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Gabriela Lena Frank

Publisher: G. Schirmer

Hilos (2010)
G Schirmer Inc
Works for 2-6 Players
Sub Category
Mixed Ensemble
Year Composed
25 Minutes
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Programme Note
Composer’s Note:

Hilos (Threads, 2010), written for the ALIAS Chamber Ensemble, is scored for clarinet, violin, cello and piano. Alluding to the beauty of Peruvian textiles, both in their construction and in their pictorial content of everyday life, the short movements of Hilos are a kind of Peruvian “pictures at an exhibition.” Players are mixed and matched in various combinations, and draw on a myriad of sounds evocative of indigenous music. These include fanciful pizzicatos and widely-spaced tremolos suggesting guitar-like instruments, strong attacks and surging releases suggesting zampona panpipes and quena flutes, glissandi and scratch tones suggesting vocal coloristic effects, and so forth. The movements are:

1. Canto del Altiplano (Songs of the Highlands): A bold piano opening of tremolos sets up rhapsodic lines decorated with the strong attacks and releases one would hear in highland wind instruments.
2. Zapatos de Chincha (Shoes of Chincha): This light-footed movement is inspired by Chincha, a southern coastal town known for its afro-peruano music and dance (including a unique brand of tap). The cello part is especially reminiscent of the cajon, a wooden box that percussionists sit on and strike with hands and feet, extracting a remarkable array of sounds and rhythms.
3. Charanguista Viejo (Old Charango Player): The charango, a ukulele-like instrument traditionally constructed with an armadillo shell, is evoked through tight broken chords and odd tremolos in the piano part alongside quick pizzicato notes in the violin. The violin also has a highly emotional melody line decoration with hints of scratch tones to convey the sounds of an old man’s voice as he accompanies himself singing.
4. Danza de los Diablos (Devil Dance): A tribute to the devil dances of the southern Puno regions of Peru, this movement features “stompy” rhythms, quick dissonant grace notes and a general boldness of spirit.
5. Zumballyu (Spinning Top): A musical depiction of a popular children’s toy in Quechua Indian culture.
6. Juegos (Games): A romp inspired by the teasing games that children play.
7. Yaravillosa: A play on the words “maraviollosa” (marvelous) and “yaravi” (an ancient melancholy Inca song), this movement especially draws on glissandi, tremolo, and surges to evoke typical vocal performance practices.
8. Bombines (Bowler Hats): A humorous dance in homage to the ubiquitous bowler hats worn by mountain women. The “karnavalito” rhythm punctuates throughout.

- Gabriela Lena Frank

  • Ensemble
    Gabriela Lena Frank, piano
Gabriela Lena Frank is the real deal: a modern composer with a personal style, one that manages to integrate a wide range of sounds and performing techniques into a cohesive language that unapologetically includes melody and tonal harmony without ever sounding anachronistic. She clearly manages to remain true to herself, but she doesn't have to write down to her listeners in order to share her thoughts and feelings. This is just good music. Hilos is a quartet for clarinet, violin, cello, and piano inspired by Peruvian weaving. The music is colorful, vibrant, and consistently inventive; the Latin element is pervasive, but not cheap, and not overwhelming. The performances, with the composer's participation where the piano joins in, and presumably her supervision where it does not, are uniformly excellent, and so are the sonics. A wonderful disc of inventive, fresh, characterful music, plain and simple.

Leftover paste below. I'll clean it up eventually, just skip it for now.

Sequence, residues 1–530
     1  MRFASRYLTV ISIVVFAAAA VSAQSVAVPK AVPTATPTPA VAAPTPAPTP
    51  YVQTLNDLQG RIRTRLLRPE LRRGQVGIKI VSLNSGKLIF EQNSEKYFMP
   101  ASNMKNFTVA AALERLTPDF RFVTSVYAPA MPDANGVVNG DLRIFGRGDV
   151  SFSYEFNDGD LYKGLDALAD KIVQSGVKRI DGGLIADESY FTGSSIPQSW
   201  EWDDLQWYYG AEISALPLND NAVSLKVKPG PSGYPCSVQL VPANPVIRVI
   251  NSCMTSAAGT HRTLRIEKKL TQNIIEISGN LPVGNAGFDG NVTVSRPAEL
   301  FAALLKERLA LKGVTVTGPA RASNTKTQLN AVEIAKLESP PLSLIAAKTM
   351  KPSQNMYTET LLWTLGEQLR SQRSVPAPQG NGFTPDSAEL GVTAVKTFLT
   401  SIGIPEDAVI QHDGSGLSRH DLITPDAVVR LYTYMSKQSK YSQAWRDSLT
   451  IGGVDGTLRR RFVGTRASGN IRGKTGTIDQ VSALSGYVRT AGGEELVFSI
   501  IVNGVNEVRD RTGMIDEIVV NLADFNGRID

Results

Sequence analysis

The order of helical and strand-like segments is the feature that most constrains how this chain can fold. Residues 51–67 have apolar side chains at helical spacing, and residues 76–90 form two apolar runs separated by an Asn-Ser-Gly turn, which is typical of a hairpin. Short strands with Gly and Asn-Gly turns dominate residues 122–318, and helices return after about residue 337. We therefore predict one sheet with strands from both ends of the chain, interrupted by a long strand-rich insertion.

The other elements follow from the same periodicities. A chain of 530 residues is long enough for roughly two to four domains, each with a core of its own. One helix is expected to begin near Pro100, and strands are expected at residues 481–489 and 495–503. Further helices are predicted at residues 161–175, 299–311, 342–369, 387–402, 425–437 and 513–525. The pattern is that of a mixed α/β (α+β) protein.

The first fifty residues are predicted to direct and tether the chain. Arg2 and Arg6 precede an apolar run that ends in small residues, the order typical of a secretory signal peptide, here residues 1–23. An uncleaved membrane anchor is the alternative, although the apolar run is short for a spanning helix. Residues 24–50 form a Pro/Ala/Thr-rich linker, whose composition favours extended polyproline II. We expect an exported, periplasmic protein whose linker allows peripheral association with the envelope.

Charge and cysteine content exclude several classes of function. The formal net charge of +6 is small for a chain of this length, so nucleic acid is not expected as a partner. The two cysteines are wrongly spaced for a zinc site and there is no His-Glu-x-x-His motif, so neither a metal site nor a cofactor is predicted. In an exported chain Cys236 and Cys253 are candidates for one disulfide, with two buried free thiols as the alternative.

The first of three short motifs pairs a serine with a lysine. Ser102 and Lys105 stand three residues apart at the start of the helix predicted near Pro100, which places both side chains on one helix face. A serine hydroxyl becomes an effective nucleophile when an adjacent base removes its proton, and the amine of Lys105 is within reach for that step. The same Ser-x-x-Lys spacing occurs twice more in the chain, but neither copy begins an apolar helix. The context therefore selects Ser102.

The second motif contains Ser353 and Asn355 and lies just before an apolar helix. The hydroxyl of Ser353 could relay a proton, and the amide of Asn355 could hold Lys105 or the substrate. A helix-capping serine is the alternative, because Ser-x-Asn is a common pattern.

David Hurwitz,,22/03/2011
Without question, the most ambitious piece on the disc is Hilos, a work for clarinet, violin, cello and piano composed specifically for Alias last year. The title means "Threads" and alludes to the kaleidoscopic beauty of Peruvian textiles. Frank has even referred to it as a kind of Peruvian Pictures at an Exhibition. Like Mussorgsky's Pictures, Hilos is an episodic work, consisting of eight short movements with descriptive titles such as "Charanguista Viejo" (Old Charango Player) and "Danza de los Diablos" (Devil Dance). The music is remarkable for its shimmering, transparent textures. It's also full of vivid sonic images, such as the violin scratch tones in "Charanguista" that suggest an old man singing. A gifted pianist, Frank joined Alias violinist Zeneba Bowers, clarinetist Lee Levine and cellist Matt Walker to give Hilos a riveting rendition. Frank performs the work's bold tremolos and quicksilver glissandi with power and sparkle. Bowers, Levine and Walker respond with playing that is both passionate and spontaneous.
John Pitcher, The Nashville Scene,03/03/2011